When a number
can be written as a decimal with only a finite number of places,
it is called a terminating decimal. For example,

3/5 = 0.6 7/8 = 0.875
and 17/625 = 0.0272

Such decimals when expressed as fractions always have denominators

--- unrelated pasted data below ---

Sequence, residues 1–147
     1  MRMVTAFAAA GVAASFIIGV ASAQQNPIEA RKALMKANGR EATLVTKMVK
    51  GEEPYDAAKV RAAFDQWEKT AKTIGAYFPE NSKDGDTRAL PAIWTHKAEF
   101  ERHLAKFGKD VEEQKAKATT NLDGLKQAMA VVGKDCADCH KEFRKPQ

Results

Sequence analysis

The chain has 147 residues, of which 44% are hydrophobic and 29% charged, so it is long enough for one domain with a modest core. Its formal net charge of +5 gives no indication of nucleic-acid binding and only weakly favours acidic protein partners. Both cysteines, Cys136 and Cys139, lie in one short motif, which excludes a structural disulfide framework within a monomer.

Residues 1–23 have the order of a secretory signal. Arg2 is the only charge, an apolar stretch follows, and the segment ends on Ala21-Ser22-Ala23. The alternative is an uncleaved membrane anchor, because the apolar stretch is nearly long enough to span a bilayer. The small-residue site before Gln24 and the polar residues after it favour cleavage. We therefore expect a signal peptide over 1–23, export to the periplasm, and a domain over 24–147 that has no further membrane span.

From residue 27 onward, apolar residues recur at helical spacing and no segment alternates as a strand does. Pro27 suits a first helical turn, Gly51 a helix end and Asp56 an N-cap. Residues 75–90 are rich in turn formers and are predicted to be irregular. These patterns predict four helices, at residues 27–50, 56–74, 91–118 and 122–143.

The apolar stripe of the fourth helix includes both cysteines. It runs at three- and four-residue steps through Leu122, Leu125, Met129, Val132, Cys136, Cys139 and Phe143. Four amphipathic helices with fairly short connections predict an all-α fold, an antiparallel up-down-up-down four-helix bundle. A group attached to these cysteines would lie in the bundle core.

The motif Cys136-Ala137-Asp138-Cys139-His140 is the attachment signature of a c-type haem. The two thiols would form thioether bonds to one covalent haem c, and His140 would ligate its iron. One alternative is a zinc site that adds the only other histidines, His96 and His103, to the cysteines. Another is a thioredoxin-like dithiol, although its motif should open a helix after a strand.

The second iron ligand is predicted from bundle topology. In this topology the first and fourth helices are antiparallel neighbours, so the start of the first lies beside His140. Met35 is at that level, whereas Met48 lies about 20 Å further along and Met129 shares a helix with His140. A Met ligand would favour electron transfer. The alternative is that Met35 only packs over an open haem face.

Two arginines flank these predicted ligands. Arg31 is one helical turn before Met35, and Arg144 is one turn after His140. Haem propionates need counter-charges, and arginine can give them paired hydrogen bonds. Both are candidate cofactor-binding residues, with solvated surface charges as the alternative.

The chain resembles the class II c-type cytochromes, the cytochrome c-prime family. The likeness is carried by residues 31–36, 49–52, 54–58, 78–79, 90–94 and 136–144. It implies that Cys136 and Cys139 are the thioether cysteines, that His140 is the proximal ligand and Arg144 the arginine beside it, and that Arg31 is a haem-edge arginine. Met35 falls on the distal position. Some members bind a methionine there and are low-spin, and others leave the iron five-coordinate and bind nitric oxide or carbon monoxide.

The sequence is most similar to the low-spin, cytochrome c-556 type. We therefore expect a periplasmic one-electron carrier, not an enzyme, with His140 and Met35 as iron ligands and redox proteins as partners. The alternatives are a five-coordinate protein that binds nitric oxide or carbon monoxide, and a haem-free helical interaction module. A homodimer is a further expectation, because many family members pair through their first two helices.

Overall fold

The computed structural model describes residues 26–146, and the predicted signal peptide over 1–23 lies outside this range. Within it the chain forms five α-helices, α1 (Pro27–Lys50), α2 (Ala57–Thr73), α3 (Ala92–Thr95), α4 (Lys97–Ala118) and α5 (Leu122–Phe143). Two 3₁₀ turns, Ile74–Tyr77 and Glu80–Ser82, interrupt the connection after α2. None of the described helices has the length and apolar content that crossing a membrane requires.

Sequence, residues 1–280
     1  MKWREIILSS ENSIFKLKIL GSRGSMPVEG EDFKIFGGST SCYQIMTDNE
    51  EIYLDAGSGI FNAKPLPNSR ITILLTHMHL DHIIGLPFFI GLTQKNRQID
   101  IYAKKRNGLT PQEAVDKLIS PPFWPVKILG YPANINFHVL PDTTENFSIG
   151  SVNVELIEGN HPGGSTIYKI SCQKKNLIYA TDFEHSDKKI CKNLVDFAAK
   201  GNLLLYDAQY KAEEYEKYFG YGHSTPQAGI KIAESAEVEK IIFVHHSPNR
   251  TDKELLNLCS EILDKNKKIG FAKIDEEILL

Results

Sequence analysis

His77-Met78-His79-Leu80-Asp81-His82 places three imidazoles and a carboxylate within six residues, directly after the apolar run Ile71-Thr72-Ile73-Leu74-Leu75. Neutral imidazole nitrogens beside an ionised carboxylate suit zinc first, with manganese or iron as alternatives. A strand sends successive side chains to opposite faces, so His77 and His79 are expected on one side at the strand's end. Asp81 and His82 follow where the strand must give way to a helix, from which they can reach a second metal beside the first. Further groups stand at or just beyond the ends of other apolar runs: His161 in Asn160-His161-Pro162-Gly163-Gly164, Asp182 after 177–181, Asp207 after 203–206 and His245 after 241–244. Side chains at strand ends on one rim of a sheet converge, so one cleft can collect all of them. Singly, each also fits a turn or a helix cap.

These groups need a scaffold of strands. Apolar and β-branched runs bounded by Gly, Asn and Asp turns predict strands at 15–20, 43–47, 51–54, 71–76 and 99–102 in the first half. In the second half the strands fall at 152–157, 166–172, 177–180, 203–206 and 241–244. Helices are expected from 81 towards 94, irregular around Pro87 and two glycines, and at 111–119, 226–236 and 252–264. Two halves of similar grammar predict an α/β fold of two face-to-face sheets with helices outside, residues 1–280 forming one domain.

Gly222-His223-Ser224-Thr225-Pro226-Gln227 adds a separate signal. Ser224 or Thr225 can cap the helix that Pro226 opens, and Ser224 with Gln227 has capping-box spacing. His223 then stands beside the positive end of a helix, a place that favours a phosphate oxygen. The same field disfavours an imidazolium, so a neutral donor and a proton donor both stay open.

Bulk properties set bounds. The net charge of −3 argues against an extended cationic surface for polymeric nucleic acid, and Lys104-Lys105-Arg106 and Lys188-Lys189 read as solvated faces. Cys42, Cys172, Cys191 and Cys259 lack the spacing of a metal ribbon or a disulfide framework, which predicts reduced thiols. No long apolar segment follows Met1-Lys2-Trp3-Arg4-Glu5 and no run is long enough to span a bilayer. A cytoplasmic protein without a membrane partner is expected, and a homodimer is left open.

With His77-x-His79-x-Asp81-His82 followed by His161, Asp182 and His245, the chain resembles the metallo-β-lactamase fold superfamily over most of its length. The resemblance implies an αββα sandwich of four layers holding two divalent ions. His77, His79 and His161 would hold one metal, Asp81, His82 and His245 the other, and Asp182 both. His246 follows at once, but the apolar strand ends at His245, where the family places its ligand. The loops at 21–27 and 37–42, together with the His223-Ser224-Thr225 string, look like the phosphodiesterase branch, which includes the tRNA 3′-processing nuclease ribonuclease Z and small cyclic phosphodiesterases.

which consist of power of 2 and/or a power of 5. In contrast,
the decimal forms of irrational numbers such as √2
and π do
not terminate. A recurring decimal such as 0.428571428571428571428571...,
which is equal to the fraction 3/7 also does not terminate.